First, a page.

Travel and Coronavirus
Please check current coronavirus restrictions before travelling within or to Scotland.
Click for details
Meowing on Mialach
by BlackPanther » Mon May 12, 2014 1:42 pm
Route description: Gleouraich and Spidean Mialach
Munros included on this walk: Gleouraich, Spidean Mialach
Date walked: 25/04/2014
Time taken: 7.5 hours
Distance: 16 km
Ascent: 1258m4 people think this report is great. Register or Login free to be able to rate and comment on reports (as well as access 1:25000 mapping).
Weather was not as good as the day before, patchy cloud and a bit windy, too, but decent enough to tackle a shorter climb. Kevin suggested Gleouraich and Spidean Mialach, the last two Munros in Loch Quoich area, we haven't done yet.
These have been "on the list" since time immemorial, but somehow, we managed to climb everything around them (Sguur a'Mhaoraich, Gairich, Sgurr nan Eugallt, South Glen Shiel) before the Twin Day eventually arrived I always called G&SM "Loch Quoich Twins" since they are inseparable and always climbed together.
The recent hydro works on the slopes of G&SM have made parking a bit iffy, especially on a working day when the heavy equipment is on the move. The small parking area next to the start point of Gleouraich path is used by diggers/tractors/whatever as a turning place, so we didn't fancy leaving a car there (could end up with some unwelcome dents and scratches). We drove about 2 km further to the bridge over Glen Quoich and parked there (some folks camped by the bridge that Friday, but usually, there is enough space for a few cars:
Weather looked unsettled - lots of fast moving cloud, but some blue sky, too, it was hard to predict how the day would shape up. We just kept our fingers crossed for any views at all
Our route for the twins was therefore 4 km longer than the classic version, but the additional distance was walked on tarmac road, so not much difference in difficulty:
At the moment, the cloud base was very low:
I must mention that there is another building site nearby - most likely a new road/track? is being constructed along the eastern shore of Glen Quoich outlet. On Friday morning, the work was going on on site and we heard the roar of the diggers all the way up on the ridge So much for peace and tranquillity in this secluded area of Scotland...
The noise didn't seem to disturb the Monarch of the Glen, who greeted us with a very firm pose...
Can you spot him far above us, guarding the mountain?
We found the beginning of the stalker's path to Gleouraich without any problems, walked through the jungle of rhododendrons and headed uphill. We picked this path for the ascent as it was said to be well-made and dry, whereas the approach to Spidean Mialach has a reputation of being a bit boggy... The Gleouraich path confirmed what we hoped for - it is an excellent piece of work and makes climbing so much easier!
Looking down across Loch Quoich, cloud still low...
The one thing I DIDN'T like about this approach was the sight of the recently bulldozed track:
I understand, that all land belongs to somebody and the owner has the right to build whatever they wish on their property, but every time I see virgin landscape scarred like that, it makes me feel so sad Can't hep it. A path is one thing, but a brutal yellow-brick-road just doesn't fit. Such damage should be a criminal offence. And was the tiny hydro station up there really worth it??? Sorry to be so direct, just expressing my personal emotions.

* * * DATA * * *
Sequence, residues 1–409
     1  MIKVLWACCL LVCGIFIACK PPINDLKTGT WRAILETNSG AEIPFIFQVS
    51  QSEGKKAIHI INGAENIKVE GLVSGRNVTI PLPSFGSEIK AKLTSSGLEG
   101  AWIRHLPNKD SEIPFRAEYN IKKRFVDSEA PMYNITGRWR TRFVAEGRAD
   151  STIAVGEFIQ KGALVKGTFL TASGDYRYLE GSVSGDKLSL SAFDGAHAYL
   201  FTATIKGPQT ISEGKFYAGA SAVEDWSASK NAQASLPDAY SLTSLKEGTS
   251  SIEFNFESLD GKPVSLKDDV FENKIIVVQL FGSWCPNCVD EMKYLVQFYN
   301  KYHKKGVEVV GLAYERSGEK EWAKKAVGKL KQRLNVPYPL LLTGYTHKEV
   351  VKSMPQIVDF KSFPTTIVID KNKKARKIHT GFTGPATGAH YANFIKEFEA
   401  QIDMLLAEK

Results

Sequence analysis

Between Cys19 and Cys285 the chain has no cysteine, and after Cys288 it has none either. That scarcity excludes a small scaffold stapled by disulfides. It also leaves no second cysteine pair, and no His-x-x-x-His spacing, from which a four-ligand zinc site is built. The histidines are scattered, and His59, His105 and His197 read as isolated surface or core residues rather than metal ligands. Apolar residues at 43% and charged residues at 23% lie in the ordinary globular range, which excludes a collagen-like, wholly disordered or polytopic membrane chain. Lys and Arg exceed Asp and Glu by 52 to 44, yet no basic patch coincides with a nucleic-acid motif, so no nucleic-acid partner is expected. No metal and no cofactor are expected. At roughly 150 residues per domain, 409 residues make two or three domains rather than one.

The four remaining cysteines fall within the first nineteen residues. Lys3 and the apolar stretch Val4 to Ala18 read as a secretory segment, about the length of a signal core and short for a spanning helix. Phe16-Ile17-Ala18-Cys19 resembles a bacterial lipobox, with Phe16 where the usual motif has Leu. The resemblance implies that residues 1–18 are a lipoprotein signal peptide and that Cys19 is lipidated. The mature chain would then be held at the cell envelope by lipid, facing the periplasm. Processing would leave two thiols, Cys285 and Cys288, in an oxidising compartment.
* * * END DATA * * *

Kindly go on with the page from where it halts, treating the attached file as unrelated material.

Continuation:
Luckily, once we reached the zigzags higher up, we lost the sight of the nasty track and just as well. Even on a cloudy day, there is always something to enjoy, something to make you stop and look and admire. Like the cloud over Loch Quoich - seemed to be alive...
Moving cloud over the ridge of Sgurr nan Eugallt:
Up into the cloud:
As we patiently gained height, our hearts started to beat faster, not just due to exercise, but also for hope... The cloud seemed to lift and blue sky appeared again - in places As we reached the less steep ground along the ridge of Druim Seilleach, we witnessed an absolutely stunning spectacle. Hard to describe in words, perhaps photos will speak better:
South to Gairich - the summit still invisible:
East towards the dam:
A bit further up the path, we looked down and saw the bridge and a tiny red spot which was our car (too small to spot in this photo):
Sgurr a'Mhaoraich across Glen Quoich:
The path traverses just below the ridge and it is said to be exposed, very close to the steep edge, but I didn't really notice the exposure - is it just me gaining confidence?
There was very little snow higher up, we only had to leave the path once and walk around a patch of snow. By now, I guess, it will have all melted for sure.
We expected the cloud would lift altogether, but sadly it wasn't to be. Just before the end of the stalkers path we stopped for a short hydration break. I stood there, watching the cloud moving over the summit of Gleouraich:
Hocus-pocus! Cloud - go! Naaah... Not even Harry Potter could help here... But climbing in the clag has a positive side, too, especially for vertigo sufferers. One can't see the vertical drops below!
Another advantage that can be gained in cloudy conditions - you never know, what the fluffy stuff will do. It can behave in a weird way, forming strange shapes. I remember once on Beinn Fhada we watched the cloud slowly lift from the inner corrie - it reminded me of a "cooking pot". Today, the cloud formed a "wall" on the edge of Fraoch Choire, the NW corrie of G&SM ridge - looks interesting enough to me!
Just below the summit, we entered the clag zone and all views disappeared for good:
We traversed the first top (slightly lower than the main summit) and continued along the easy ridge to the cairn. OK, another Munro ticked off, but where are the views?
Luckily, the cloud was thinning and SOMETHING started to emerge...
I was surprised at the amount of snow still left in the northern corries. Here, view back to the summit of Gleouraich with the huge cornice stuck to the steep slope:
Thankfully, the cornices were not a part of the traverse, even in cloudy conditions the path is obvious and the traverse is easy enough. I enjoyed it regardless of the cloud:
Is it going to clear? Or is it not?... Loch Quoich below:
The melting snow in the northern corries formed many strange shapes. We stopped quite a few times to photograph these weird figures, some good examples below:
The Hand of Nature pointing down: